Wolfram Syndrome (WS) is a rare neurodegenerative disease with autosomal recessive inheritance and characterized by juvenile onset, non-autoimmune diabetes mellitus and later followed by optic atrophy leading to blindness, diabetes insipidus, hearing loss, and other neurological and endocrine dysfunctions. A wide spectrum of neurodegenerative abnormalities affecting the central nervous system has been described. Among these complications, neurogenic bladder and urodynamic abnormalities also deserve attention. Urinary tract dysfunctions (UTD) up to end stage renal disease are a life-threatening complication of WS patients. Notably, end stage renal disease is reported as one of the most common causes of death among WS patients. UTD have been also reported in affected adolescents. Involvement of the urinary tract occurs in about 90% of affected patients, at a median age of 20 years and with peaks at 13, 21 and 33 years. The aim of our narrative review was to provide an overview of the most important papers regarding urological impairment in Wolfram Syndrome. A comprehensive search on PubMed including Wolfram Syndrome and one or more of the following terms: Chronic renal failure, bladder dysfunction, urological aspects, and urinary tract dysfunction, was done. The exclusion criteria were studies not written in English and not including urinary tract dysfunction deep evaluation and description. Studies mentioning general urologic abnormalities without deep description and/or follow-up were not considered. Due to the rarity of the condition, we considered not only papers including pediatricpatients, but also papers with pediatric and adult case reports.

Urinary tract involvement in wolfram syndrome: A narrative review

La Valle A.;Piccolo G.;Maghnie M.;D'Annunzio G.
2021

Abstract

Wolfram Syndrome (WS) is a rare neurodegenerative disease with autosomal recessive inheritance and characterized by juvenile onset, non-autoimmune diabetes mellitus and later followed by optic atrophy leading to blindness, diabetes insipidus, hearing loss, and other neurological and endocrine dysfunctions. A wide spectrum of neurodegenerative abnormalities affecting the central nervous system has been described. Among these complications, neurogenic bladder and urodynamic abnormalities also deserve attention. Urinary tract dysfunctions (UTD) up to end stage renal disease are a life-threatening complication of WS patients. Notably, end stage renal disease is reported as one of the most common causes of death among WS patients. UTD have been also reported in affected adolescents. Involvement of the urinary tract occurs in about 90% of affected patients, at a median age of 20 years and with peaks at 13, 21 and 33 years. The aim of our narrative review was to provide an overview of the most important papers regarding urological impairment in Wolfram Syndrome. A comprehensive search on PubMed including Wolfram Syndrome and one or more of the following terms: Chronic renal failure, bladder dysfunction, urological aspects, and urinary tract dysfunction, was done. The exclusion criteria were studies not written in English and not including urinary tract dysfunction deep evaluation and description. Studies mentioning general urologic abnormalities without deep description and/or follow-up were not considered. Due to the rarity of the condition, we considered not only papers including pediatricpatients, but also papers with pediatric and adult case reports.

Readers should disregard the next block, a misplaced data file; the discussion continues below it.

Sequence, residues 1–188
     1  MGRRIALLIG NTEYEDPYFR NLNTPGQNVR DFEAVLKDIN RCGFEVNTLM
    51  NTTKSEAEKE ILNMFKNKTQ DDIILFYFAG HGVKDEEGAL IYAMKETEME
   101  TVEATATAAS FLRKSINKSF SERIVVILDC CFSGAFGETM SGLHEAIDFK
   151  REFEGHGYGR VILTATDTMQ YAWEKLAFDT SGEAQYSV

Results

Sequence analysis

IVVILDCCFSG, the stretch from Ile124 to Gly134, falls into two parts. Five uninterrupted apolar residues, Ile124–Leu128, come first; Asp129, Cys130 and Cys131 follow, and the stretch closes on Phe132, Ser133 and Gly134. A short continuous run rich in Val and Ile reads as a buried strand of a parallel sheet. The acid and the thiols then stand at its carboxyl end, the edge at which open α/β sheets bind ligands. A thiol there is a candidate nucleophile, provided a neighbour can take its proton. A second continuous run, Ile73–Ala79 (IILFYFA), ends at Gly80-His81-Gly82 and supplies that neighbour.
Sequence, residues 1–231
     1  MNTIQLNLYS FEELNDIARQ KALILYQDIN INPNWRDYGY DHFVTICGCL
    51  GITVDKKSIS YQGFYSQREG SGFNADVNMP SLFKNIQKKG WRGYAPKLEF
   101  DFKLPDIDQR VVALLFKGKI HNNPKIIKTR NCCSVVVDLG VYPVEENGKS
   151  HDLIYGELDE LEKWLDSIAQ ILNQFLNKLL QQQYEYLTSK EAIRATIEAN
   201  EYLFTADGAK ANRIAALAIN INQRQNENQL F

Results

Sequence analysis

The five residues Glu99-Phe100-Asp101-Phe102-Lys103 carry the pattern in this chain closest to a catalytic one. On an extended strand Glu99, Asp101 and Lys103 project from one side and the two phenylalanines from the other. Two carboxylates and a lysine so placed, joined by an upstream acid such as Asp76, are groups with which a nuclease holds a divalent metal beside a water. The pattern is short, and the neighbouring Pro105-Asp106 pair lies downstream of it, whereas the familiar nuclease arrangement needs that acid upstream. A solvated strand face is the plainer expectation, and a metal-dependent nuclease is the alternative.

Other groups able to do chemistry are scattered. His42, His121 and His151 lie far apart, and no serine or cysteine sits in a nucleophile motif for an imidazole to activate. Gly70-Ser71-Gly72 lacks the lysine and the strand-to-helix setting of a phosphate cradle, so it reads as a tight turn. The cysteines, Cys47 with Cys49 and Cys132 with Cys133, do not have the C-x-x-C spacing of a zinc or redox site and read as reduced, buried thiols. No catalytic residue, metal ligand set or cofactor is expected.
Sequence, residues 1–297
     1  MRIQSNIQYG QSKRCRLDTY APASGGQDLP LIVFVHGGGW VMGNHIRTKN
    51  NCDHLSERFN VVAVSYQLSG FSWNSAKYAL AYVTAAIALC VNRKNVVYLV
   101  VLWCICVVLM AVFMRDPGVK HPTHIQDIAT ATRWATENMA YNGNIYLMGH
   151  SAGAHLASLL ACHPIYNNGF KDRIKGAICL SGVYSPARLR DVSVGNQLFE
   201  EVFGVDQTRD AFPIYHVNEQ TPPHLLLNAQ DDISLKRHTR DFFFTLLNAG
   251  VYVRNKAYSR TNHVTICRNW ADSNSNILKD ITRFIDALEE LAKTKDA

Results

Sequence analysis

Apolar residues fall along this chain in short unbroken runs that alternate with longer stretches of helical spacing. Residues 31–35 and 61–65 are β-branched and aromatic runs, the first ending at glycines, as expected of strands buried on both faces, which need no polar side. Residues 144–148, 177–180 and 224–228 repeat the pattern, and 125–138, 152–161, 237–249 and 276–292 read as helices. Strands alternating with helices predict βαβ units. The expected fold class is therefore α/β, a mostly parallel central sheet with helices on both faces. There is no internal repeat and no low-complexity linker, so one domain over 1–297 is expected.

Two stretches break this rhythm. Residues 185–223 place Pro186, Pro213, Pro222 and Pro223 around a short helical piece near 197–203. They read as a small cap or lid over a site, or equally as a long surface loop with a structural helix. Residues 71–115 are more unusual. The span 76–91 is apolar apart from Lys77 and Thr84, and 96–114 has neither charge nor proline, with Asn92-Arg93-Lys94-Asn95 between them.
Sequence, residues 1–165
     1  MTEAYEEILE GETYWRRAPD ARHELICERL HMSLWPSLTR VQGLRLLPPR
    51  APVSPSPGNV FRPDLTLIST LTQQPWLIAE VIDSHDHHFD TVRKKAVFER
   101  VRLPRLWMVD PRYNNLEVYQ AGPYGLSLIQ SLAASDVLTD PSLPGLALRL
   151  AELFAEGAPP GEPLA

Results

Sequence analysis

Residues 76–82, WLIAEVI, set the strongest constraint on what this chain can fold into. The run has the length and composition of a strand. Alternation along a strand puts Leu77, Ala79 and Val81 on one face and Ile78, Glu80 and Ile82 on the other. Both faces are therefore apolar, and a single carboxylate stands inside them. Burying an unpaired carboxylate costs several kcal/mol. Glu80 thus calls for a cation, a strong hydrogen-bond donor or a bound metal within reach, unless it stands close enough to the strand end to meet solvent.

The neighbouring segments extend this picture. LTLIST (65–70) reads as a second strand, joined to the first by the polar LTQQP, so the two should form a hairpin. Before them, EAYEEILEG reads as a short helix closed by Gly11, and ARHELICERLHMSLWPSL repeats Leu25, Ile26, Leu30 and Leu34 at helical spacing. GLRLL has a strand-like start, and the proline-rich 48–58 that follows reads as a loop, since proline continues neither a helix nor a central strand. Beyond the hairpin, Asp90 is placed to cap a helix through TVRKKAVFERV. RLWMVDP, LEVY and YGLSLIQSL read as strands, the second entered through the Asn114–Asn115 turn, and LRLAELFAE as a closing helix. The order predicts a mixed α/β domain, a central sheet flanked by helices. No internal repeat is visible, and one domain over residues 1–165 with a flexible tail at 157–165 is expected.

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Utilizza questo identificativo per citare o creare un link a questo documento: http://hdl.handle.net/11567/1070284
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